Like it or not, Martin Shkreli is the new face of pharma. And for an industry already struggling with an image problem over the rising costs of prescription drugs, companies are going to have a hard time distancing themselves from one of the most controversial men in America.
The reason is a lack of transparency. Drug makers do not really want to explain how medicines are priced and, as a result, they have adopted an air of secrecy in which one cowboy can create havoc for an entire industry.
"The [Shkreli] episode is really an extreme manifestation of an attitude that has taken over the industry," said Bernard Munos, a former corporate strategy adviser at Eli Lilly who is now a senior fellow at FasterCures, a medical research think tank. Most drug companies "are not raising prices by 5,000 percent, but large prices will leave patients with the same impression."
To recap, the 32-year-old former hedge fund manager caused a firestorm last week when his company, Turing Pharmaceuticals, jacked up the price of a decades-old, life-saving medicine from $13.50 per pill to $750. At the same time, Shkreli made it impossible for competitors to produce low-cost generic versions of the drug.
Shkreli, responding to criticisms on social media, then unleashed a defiant stream of mocking insults that sparked the equivalent of an Internet lynch mob. This made it easy for the pharmaceutical industry's main US trade group to argue — albeit, tepidly — that Shkreli was an outlier whose behavior did not reflect the way global drug makers conduct business. The leading biotechnology trade group, meanwhile, kicked Shkreli out of its club.
In some of his less inflammatory remarks, Shkreli relied on the familiar explanation that drug development is expensive, and said he plans to use the added revenue from the price rise to generate an improved version of his drug.
Whether you believe him is not the point.
It's certainly true that funding drug discovery is expensive. The latest estimate of what it costs to get a drug out the door is, on average, $2.6 billion, according to a 2014 Tufts University report that was funded in part by industry.
Yet pharma leaders have done a poor job of explaining how the cost of R&D translates into a need for climbing prices or the sky-high sticker prices that are commonly set for new medicines from the get-go. Rather than opening their books, drug makers continually repeat the refrain about increasing development costs, and they avoid any candid discussions about cost that may invite more interest in setting price controls.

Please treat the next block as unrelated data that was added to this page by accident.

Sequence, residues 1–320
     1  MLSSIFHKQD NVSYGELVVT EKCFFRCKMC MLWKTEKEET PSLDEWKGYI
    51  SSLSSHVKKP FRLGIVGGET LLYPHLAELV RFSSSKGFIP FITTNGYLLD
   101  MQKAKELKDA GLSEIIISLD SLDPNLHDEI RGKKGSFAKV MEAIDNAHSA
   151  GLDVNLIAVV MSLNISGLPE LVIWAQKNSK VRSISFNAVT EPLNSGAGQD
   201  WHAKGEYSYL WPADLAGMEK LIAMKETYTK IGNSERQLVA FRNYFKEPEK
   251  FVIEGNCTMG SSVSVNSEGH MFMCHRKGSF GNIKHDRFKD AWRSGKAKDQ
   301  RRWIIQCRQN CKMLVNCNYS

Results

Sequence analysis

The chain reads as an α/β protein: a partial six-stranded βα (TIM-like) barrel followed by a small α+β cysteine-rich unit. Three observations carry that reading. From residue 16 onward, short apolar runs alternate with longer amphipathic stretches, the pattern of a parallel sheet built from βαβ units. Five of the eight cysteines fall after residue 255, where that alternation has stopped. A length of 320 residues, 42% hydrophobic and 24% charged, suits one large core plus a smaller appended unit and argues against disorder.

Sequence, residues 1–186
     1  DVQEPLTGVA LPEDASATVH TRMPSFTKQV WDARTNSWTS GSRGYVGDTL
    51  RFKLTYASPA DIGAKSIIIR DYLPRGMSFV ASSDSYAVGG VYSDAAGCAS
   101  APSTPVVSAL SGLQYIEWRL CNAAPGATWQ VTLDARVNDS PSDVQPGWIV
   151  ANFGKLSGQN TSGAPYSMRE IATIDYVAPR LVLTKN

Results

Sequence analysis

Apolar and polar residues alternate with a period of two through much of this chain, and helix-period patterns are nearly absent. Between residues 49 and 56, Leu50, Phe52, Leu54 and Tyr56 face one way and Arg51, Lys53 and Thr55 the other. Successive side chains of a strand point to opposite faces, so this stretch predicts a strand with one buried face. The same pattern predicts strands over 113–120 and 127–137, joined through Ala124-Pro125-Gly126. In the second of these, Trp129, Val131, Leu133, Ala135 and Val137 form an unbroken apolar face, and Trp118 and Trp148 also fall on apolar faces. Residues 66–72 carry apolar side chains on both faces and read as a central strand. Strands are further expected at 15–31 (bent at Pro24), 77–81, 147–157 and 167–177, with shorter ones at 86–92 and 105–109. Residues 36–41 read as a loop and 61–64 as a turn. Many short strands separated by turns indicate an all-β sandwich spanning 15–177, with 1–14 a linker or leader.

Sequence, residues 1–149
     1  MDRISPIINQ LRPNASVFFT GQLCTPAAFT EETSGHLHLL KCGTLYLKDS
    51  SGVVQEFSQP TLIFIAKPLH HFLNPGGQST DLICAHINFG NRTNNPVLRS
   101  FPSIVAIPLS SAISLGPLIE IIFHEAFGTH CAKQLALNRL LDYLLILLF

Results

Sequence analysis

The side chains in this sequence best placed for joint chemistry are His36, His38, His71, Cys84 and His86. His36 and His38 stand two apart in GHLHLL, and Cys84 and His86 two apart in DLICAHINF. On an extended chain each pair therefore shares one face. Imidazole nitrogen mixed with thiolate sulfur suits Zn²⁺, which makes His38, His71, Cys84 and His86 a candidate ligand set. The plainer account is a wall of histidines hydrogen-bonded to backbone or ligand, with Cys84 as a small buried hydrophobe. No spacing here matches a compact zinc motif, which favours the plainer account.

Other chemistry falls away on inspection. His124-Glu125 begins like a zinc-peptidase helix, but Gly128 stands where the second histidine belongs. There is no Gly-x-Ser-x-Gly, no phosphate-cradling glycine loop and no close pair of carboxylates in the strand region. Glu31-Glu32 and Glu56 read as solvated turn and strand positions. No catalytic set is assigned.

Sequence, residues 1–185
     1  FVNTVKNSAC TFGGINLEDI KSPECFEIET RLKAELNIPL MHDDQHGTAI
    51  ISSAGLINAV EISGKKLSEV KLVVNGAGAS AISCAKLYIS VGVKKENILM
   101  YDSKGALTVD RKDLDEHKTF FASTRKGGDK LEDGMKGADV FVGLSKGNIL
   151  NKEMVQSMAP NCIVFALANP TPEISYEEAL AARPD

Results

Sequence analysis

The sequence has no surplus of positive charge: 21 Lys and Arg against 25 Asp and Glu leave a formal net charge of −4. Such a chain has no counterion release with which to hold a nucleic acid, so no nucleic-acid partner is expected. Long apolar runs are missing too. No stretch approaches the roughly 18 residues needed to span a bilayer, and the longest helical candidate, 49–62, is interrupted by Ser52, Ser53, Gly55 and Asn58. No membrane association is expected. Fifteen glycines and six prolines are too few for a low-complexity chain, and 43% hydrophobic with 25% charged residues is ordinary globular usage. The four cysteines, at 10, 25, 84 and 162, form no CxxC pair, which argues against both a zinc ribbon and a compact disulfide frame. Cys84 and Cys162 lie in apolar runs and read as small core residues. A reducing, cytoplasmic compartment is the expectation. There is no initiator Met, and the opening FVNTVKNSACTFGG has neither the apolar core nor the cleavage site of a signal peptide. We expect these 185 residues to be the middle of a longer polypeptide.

"The drug makers say they don't embrace huge prices or price hikes, such as what Shkreli did, but they don't condemn them either," said Alan Sager, a health policy researcher at Boston University.
The most visible tactic is the overnight spike of the kind that Shkreli engineered. But incremental increases can hurt budgets, too. Valeant Pharmaceuticals, for example, has boosted the price of an injectable drug used to treat excess ammonia in the blood three times since January — from $31,425 per vial to $45,660.
"This approach may not invite as much attention," said Scott Knoer, chief pharmacy officer at the Cleveland Clinic. "But it can be just as damaging."
Then there are the high prices set for new medications — such as the hepatitis C treatments from Gilead Sciences, which cost $1,000 or more per pill. The company argues that the drugs can save money down the line if patients avoid costlier care years later. There is sound logic to this argument, but in the short run health care budgets are strained.
The issue is compounded still further by the tug of war between drug makers and insurers, with each blaming the other for the pricing controversy. Drug makers say they offer rebates and discounts to insurers that then shift more out-of-pocket costs onto patients, while insurers argue the prices are set too high in the first place.
In the end, the pricing problem is like peeling the proverbial onion. If the pharmaceutical industry wants to win consumer confidence, it will have to come clean about the mechanics behind its pricing. Otherwise, drug makers should brace themselves for increased scrutiny and calls for greater oversight.
Shkreli may seem an aberration to some, but he is, in reality, the latest example of an ongoing and widespread grappling with the cost of medicines. Like safety warnings in a pharmaceutical ad, the industry may hope we look the other way, but Shkreli is a side effect that is simply too hard to ignore.